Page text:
Catholic communicants are asked at Easter, “Do you renounce the glamour of evil, and refuse to be mastered by sin?” The question preserves a conflation, now rare, of glamour and sorcery: glamour was a quality that confounds, shifts shapes, invests a thing with a mysterious aura; it was, as Sir Walter Scott wrote, “the magic power of imposing on the eyesight of spectators, so that the appearance of an object shall be totally different from the reality.”
The legendarily beautiful Clarice Lispector, tall and blonde, clad in the outspoken sunglasses and chunky jewelry of a grande dame of midcentury Rio de Janeiro, met our current definition of glamour. She spent years as a fashion journalist and knew how to look the part. But it is as much in the older sense of the word that Clarice Lispector is glamorous: as a caster of spells, literally enchanting, her nervous ghost haunting every branch of the Brazilian arts.
Her spell has grown unceasingly since her death. Then, in 1977, it would have seemed exaggerated to say she was her country’s preëminent modern writer. Today, when it no longer does, questions of artistic importance are, to a certain extent, irrelevant. What matters is the magnetic love she inspires in those susceptible to her. For them, reading Clarice Lispector is one of the great emotional experiences of their lives. But her glamour is dangerous. “Be careful with Clarice,” a friend told a reader decades ago, using the single name by which she is universally known. “It’s not literature. It’s witchcraft.”
The connection between literature and witchcraft has long been an important part of the Clarice mythology. That mythology, with a powerful boost from the Internet, which magically transforms rumors into facts, has developed ramifications so baroque that it might today be called a minor branch of Brazilian literature. Circulating unstoppably online is an entire shadow oeuvre, generally trying, and failing, to sound profound, and breathing of passion. Online, too, Clarice has acquired a posthumous shadow body, as pictures of actresses portraying her are constantly reproduced in lieu of the original.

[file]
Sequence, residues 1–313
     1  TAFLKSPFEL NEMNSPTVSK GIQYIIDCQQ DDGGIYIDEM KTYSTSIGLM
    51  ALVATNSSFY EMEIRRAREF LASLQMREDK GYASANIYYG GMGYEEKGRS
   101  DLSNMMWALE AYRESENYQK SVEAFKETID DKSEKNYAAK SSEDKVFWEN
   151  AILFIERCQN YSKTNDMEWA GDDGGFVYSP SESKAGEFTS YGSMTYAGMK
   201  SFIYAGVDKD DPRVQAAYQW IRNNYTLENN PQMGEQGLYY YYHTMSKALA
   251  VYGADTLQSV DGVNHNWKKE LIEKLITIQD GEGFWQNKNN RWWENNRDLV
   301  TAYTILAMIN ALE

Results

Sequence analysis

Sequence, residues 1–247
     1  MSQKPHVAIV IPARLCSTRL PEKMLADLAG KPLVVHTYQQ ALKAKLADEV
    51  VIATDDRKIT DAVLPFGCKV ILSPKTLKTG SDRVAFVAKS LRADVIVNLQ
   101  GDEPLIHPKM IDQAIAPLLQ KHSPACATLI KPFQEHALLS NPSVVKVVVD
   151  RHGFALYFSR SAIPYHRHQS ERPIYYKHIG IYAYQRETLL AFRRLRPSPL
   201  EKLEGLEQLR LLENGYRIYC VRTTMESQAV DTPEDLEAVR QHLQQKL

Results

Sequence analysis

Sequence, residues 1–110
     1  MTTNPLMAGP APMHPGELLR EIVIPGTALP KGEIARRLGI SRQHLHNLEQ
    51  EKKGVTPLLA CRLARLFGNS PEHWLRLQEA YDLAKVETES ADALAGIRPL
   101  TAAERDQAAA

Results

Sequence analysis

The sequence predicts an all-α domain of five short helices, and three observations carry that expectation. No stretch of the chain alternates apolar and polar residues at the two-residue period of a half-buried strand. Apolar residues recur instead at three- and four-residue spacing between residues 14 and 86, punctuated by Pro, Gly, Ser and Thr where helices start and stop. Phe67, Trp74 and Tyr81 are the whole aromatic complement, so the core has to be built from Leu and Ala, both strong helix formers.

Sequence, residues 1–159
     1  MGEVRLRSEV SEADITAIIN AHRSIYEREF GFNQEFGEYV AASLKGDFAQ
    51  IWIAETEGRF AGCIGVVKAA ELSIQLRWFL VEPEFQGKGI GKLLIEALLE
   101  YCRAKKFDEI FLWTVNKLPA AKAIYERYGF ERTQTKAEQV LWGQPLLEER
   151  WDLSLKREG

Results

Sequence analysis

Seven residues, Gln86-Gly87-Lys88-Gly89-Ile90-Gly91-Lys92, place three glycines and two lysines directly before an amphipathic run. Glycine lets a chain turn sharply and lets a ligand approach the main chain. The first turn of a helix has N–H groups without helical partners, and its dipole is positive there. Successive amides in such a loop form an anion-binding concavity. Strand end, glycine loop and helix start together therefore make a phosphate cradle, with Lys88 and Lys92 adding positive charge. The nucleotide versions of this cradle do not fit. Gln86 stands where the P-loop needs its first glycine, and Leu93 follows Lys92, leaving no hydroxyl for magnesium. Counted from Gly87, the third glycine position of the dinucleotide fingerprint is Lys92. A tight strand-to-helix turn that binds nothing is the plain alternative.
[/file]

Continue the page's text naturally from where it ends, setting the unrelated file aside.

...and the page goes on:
If the technology has changed its forms, the mythologizing itself is nothing new. Clarice Lispector became famous when, at the end of 1943, she published “Near to the Wild Heart.” She was a student, barely twenty-three, from a poor immigrant background. Her first novel had such a tremendous impact that, one journalist wrote, “we have no memory of a more sensational debut, which lifted to such prominence a name that, until shortly before, had been completely unknown.” But only a few weeks after that name was becoming known she left Rio with her husband, a diplomat. They would live abroad for almost two decades.
Though she made regular visits home, she would not return definitively until 1959. In that interval, legends flourished. Her odd foreign name became a subject of speculation—one critic suggested it might be a pseudonym—and others wondered whether she was, in fact, a man. Taken together, the legends reflect an uneasiness, a feeling that she was something other than she seemed.